In Helsinki, Norway, Ruukki reports that it has developed what is believed to be the first photovoltaic system to be fully integrated into the facade of a building. This patented solar power system does not depend on the sun’s warmth, only its radiation (a key factor in cold climates).
Ruuki designed this solar panel for applications in conjunction with commercial buildings, providing juice for the building’s needs and feeding excess back onto the grid. The company reports that this new technology is “the most cost-effective way on the market to make a fully-glazed facade that generates energy from the sun.”
Great, you say, but I live in a cloudy climate. Not a problem, as – in true Scandinavian solar style – this high-efficiency system was designed to work with indirect sun, producing power even on cloudy days. It even makes the most of sunlight reflected off of snow or nearby bodies of water.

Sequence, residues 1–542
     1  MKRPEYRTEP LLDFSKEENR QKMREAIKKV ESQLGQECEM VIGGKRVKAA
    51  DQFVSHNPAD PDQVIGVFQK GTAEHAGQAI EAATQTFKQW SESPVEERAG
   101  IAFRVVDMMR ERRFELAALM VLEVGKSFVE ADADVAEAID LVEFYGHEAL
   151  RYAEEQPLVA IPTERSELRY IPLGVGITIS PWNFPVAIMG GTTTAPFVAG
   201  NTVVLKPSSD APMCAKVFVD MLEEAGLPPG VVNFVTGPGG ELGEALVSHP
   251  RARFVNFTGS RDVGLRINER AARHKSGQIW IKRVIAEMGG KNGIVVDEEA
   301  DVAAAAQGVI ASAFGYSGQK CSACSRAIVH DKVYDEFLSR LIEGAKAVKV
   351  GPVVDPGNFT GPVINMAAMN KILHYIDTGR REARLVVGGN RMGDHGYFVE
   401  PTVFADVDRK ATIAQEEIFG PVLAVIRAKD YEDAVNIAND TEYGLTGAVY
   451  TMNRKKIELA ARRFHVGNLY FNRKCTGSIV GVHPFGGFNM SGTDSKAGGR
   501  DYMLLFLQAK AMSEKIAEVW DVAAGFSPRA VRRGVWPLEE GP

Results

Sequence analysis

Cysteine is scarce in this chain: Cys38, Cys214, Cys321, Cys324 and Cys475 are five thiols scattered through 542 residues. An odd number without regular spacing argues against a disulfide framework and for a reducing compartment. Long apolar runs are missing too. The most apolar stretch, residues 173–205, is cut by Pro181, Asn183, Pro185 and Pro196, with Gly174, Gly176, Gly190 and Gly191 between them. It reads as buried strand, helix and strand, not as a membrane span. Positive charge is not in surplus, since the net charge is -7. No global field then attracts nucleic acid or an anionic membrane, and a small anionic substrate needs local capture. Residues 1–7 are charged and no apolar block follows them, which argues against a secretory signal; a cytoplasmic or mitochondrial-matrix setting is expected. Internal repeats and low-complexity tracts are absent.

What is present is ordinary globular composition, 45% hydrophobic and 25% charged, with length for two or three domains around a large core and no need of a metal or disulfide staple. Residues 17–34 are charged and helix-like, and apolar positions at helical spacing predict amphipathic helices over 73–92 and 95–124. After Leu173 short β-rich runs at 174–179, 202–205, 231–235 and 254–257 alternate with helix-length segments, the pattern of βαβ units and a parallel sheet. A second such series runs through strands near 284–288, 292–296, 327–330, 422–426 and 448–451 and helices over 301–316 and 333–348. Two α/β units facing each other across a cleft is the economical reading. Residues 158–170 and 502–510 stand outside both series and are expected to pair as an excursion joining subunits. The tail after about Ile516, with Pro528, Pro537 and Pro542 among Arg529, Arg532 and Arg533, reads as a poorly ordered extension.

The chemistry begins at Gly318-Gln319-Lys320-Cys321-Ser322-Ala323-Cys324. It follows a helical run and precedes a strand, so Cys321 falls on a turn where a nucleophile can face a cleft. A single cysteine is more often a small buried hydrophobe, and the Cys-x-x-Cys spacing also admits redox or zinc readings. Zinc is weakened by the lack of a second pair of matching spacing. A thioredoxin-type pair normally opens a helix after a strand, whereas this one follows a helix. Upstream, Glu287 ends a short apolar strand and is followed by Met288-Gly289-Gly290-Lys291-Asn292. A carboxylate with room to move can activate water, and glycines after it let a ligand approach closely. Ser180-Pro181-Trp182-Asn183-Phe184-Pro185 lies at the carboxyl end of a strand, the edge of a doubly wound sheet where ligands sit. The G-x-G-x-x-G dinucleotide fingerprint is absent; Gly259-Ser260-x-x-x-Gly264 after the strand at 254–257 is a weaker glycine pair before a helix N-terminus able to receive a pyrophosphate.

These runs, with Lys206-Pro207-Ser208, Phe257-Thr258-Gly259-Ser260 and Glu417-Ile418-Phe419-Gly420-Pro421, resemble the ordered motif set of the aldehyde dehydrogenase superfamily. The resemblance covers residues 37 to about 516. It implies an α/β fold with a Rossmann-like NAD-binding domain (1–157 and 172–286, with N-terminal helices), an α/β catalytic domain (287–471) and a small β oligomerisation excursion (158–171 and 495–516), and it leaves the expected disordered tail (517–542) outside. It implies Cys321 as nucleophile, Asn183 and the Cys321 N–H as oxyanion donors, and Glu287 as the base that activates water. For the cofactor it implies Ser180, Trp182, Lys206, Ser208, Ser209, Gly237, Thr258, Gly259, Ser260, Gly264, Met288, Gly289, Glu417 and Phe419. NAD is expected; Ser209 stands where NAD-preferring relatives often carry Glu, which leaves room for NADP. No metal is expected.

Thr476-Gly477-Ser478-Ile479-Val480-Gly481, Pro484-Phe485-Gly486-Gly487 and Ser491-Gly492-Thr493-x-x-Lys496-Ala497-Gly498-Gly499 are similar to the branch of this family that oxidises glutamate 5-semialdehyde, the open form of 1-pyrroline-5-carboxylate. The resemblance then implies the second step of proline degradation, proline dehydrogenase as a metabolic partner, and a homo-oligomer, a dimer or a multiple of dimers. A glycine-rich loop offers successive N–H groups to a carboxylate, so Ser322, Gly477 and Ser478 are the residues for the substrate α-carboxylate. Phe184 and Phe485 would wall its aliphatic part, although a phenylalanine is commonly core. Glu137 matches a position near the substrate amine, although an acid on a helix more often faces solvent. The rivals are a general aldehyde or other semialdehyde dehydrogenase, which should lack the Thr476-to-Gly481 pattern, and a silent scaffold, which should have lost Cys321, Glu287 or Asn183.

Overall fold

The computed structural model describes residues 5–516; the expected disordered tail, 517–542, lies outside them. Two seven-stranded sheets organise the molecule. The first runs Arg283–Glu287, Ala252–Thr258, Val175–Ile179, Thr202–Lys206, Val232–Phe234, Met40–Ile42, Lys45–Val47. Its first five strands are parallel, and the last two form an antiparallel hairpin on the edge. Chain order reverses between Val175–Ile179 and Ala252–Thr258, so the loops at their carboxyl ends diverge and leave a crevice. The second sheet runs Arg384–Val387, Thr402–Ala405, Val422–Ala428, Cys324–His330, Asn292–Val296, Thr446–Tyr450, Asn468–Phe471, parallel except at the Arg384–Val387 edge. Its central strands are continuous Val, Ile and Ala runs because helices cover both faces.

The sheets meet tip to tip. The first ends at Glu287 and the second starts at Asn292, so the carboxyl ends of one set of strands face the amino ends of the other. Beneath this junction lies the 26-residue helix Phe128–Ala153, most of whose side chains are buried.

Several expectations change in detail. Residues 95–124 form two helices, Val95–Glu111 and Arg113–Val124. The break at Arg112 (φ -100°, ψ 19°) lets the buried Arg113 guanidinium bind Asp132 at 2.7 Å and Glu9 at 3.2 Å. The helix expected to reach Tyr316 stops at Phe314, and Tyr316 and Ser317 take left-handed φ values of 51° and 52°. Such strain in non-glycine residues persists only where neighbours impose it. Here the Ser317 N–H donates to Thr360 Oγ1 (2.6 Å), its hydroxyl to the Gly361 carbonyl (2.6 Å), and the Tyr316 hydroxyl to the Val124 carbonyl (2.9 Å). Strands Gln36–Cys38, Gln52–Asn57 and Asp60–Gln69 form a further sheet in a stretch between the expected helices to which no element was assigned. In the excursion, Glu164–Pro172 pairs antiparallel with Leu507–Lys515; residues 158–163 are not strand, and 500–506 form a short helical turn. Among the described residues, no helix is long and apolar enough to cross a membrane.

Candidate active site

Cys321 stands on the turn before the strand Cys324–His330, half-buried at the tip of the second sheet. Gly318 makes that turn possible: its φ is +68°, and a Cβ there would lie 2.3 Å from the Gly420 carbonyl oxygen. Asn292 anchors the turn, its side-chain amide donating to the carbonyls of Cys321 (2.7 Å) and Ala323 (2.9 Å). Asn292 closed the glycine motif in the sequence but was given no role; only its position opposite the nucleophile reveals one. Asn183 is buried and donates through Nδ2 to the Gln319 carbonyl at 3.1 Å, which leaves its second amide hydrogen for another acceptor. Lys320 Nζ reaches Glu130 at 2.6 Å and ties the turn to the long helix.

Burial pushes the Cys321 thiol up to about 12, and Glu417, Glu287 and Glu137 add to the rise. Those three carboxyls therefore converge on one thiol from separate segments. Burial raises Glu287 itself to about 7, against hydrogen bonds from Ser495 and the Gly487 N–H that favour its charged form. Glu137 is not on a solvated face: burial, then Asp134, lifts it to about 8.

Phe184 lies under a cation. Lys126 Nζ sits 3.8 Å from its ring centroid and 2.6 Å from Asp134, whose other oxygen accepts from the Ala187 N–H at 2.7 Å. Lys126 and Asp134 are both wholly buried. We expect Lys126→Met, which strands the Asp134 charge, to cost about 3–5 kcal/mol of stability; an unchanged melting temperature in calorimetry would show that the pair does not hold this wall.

The photovoltaic modules in this system are based on a glazed form of CIGS thin-film technology (Copper Indium Gallium Diselenide) combined with Ruukki’s steel rainscreen panel system. The modules are nearly black in color, can be combined with Ruukki’s other facade products and are part of the Ruukki Design Palette range of facade products.
The facade is pre-designed, and delivery includes all the components and supplies required on site, including the cabling system.